Tuesday, December 7, 2010
Farewell to the Old
Seems the first three chapters serve as little more than introduction. Pasternak chooses to sketch these chapters, culminating in Lara's attempt to strike back at her tormentor Komarovsky at the Sventitsky's Christmas Party. Again, Yury is there to witness the event and finds himself once again drawn to this mysterious woman who would come to dominate his thoughts and emotions.
Pasternak then thrusts his protagonists into the war. Yury is consigned to a field hospital in which the ravages of war quickly dispense of his innocence. He meets with Misha again and a much more cynical world view emerges. Lara had signed on as a nurse in search of her husband Pasha Antipov, leaving her daughter with a close friend in Moscow. Yury has also left his family behind, witnessing the birth of his son to Tonya shortly before being sent to the front. Essentially, here begins the story.
Yury doesn't actually meet Lara until the fifth chapter, Farewell to the Old, at an estate that has been converted into a hospital, where unrest ferments in the village and a group of secessionists led by a blind prophet, Blazheiko, hide out in the forest. Pasternak chooses to build his romance slowly. Lara finds herself drawn to the wounded Yury because of his intelligence and Yury finds himself drawn to Lara for her foreign beauty.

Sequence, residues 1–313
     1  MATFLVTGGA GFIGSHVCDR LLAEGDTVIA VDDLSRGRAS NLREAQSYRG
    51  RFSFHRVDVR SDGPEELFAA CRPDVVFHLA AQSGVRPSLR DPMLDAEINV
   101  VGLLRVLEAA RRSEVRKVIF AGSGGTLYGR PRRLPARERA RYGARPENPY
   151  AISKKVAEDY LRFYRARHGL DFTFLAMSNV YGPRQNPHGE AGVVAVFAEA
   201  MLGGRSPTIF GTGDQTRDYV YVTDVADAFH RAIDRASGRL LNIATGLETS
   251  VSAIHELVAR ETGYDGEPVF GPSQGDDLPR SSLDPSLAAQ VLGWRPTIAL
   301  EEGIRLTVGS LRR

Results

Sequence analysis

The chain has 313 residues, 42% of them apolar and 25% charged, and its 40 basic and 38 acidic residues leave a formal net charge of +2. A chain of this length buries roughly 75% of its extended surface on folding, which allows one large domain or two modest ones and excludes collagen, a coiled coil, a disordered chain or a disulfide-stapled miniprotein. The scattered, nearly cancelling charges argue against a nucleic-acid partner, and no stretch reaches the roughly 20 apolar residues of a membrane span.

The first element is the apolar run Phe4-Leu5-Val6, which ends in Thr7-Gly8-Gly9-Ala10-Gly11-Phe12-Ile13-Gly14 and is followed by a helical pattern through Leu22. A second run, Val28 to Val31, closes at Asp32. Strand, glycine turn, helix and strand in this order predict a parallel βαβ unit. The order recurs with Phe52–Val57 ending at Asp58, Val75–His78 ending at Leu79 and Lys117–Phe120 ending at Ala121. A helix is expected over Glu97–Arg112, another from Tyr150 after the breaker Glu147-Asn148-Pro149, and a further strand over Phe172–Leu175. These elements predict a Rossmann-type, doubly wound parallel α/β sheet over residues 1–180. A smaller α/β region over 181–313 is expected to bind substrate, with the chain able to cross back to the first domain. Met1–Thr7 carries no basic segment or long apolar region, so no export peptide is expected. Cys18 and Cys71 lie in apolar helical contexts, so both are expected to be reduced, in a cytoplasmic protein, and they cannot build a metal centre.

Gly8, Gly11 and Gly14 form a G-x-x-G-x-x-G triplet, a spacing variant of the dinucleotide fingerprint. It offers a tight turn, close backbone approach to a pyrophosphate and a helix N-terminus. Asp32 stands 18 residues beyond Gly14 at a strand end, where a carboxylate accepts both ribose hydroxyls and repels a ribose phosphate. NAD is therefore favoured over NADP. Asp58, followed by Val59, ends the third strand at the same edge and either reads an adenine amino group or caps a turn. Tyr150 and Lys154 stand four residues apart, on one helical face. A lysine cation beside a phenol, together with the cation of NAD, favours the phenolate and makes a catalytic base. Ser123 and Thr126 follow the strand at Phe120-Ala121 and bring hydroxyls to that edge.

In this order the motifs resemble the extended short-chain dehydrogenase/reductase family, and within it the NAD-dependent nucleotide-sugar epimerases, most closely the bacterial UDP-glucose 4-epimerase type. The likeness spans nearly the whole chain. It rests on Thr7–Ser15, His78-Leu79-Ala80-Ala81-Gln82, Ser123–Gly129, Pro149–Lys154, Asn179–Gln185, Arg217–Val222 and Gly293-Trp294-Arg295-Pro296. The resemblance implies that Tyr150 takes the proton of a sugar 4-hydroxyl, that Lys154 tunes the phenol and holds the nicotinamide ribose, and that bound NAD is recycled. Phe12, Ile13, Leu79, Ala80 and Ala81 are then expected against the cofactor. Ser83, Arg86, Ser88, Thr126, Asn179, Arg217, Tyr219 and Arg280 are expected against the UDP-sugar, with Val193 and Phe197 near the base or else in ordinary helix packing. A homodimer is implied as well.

As the war winds down, the two find themselves ever more in contact with each other, with Yury happy to have someone he can freely share his thoughts with. He confides his relationship in a letter to Tonya, who takes it all the "wrong" way with Yury reaffirming his love for his wife in a subsequent letter. But, the seed has been planted, and everyone around them sees the love the two have for each other. However, in the chaos that followed both return to their separate homes. Lara deep in the heart of the Urals and Yury to Moscow.
You might call this a philosophical tale of love in the tradition of Flaubert's Madame Bovary and Tolstoy's Anna Karenina, set against the rapidly changing face of Russia. Pasternak does not delve too deeply into the war. Instead he focuses on the relationship between Yury and Lara, a democratic love which he feels defies both tradition and the false promise of the revolution.